The bilateral Brazilian export bill is far more concentrated than the Indian. In 2017 the one hundred most important products accounted for some 96% of bilateral exports from Brazil, whereas the one hundred most important bilateral imports accounted for 63%. Moreover, there are significant differences in the trajectory in recent years: in 2010 these figures were 95% for Brazilian bilateral exports and 80% for its bilateral imports: there has been a remarkable diversification of the Indian bill, whereas the Brazilian export composition remained rather constant.
A similar outcome is found in bilateral trade in services. In 2016 the three most important services exported from Brazil accounted for 58% of total bilateral transactions in services, whereas in the import side the figure did not surpass 47%.
These figures are bound to influence bilateral negotiations.
With regard to bilateral negotiations in services, it is not easy to identify what could be a Brazilian demand. From the Indian side, one might expect a focus on GATS Mode 2 (consumption abroad), as well as Mode 3 (commercial presence), given the relative importance of information and communication technologies, as well as services to support managerial activities.
On the merchandise, side negotiations seem to be more easily identifiable. As a matter of fact, the small list of products in the Mercosur-India agreement is indicative of the need for further negotiations.
Apart from bilateral negotiations, the two economies have other mechanisms to foster their approximation. Both countries have over time systematically been active vocals in multilateral fora, defending the interests of the set of developing economies.
First and foremost, both countries are members of the IBSA initiative. This group was formed five years before the BRICS and has (at least) two important positive dimensions.
This is a more homogeneous set of economies than the BRICS, with rather approximate degrees of industrialization. Also, the IBSA agenda comprises a few mechanisms to foster complementarity more easily identifiable than in the BRICS agenda. The margins for the convergence of interests seems to be wider than in other groups.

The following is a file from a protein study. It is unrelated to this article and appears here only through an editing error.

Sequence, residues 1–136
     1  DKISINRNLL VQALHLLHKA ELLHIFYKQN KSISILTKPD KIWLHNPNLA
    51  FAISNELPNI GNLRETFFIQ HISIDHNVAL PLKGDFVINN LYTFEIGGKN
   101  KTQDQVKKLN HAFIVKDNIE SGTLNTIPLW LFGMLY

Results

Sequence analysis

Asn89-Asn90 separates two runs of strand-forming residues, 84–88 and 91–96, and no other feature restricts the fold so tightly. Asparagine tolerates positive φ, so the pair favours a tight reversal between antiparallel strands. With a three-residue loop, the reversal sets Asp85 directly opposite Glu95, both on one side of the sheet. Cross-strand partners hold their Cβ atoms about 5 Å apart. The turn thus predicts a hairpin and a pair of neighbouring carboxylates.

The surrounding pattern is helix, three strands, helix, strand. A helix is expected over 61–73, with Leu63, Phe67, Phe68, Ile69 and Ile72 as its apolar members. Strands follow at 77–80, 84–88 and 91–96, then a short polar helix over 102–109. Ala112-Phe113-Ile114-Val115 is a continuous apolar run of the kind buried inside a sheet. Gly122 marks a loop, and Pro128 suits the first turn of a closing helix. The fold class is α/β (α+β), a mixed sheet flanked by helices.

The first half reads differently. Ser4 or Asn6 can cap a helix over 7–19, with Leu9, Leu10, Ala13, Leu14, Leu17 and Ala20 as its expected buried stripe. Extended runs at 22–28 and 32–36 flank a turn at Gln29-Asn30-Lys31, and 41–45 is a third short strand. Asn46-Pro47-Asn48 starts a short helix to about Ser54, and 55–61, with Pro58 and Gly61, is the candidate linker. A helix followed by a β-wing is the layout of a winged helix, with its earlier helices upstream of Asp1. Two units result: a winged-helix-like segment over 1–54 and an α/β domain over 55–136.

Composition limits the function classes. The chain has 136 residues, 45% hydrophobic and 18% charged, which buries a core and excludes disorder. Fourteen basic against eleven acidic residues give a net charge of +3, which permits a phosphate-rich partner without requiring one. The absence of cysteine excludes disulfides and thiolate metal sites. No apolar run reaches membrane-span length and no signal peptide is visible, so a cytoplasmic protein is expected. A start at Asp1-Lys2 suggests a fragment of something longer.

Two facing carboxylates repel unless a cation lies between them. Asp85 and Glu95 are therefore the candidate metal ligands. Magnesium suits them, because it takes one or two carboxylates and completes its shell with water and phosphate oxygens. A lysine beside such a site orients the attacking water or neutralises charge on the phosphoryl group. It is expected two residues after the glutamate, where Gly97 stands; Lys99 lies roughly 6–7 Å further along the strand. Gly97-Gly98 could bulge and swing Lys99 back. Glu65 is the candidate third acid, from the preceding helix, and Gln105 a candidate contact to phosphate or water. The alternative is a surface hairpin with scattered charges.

The formation of the BRICS group has somehow affected the dynamism of IBSA, as indicated by the seven or so years without a Summit. A recovery of the mechanism could provide new channels to facilitate complementarity between the two economies.
There is little doubt about the importance to be a member of the BRICS if seen from the viewpoint of potential opportunities. This group has, from its very beginning, systematically met a good deal of skepticism. But no one questions the potential of complementarity among its members, to be achieved from the moment the group is able to focus its common agenda more clearly and put into practice concrete actions that correspond to the interest of the five partners. A Brazil-India alignment in this group could be a major contribution in this regard.
The active role played by Brazil and India in the GATT and more recently in the WTO as representatives of the interests of the developing economies is widely recognized. It is inevitable that some specific differences remain in the negotiating positions, but when the very existence of such an important institution is being questioned, an explicit axis of resistance might contribute to the survival of the existing tools to discipline trade relations.
There are, hence, a number of arguments to motivate a more proactive identification of common interests and their conversion into effective action. The next seventy years of relationship could be far more intense in terms of stronger and easily identifiable economic links between Brazil and India.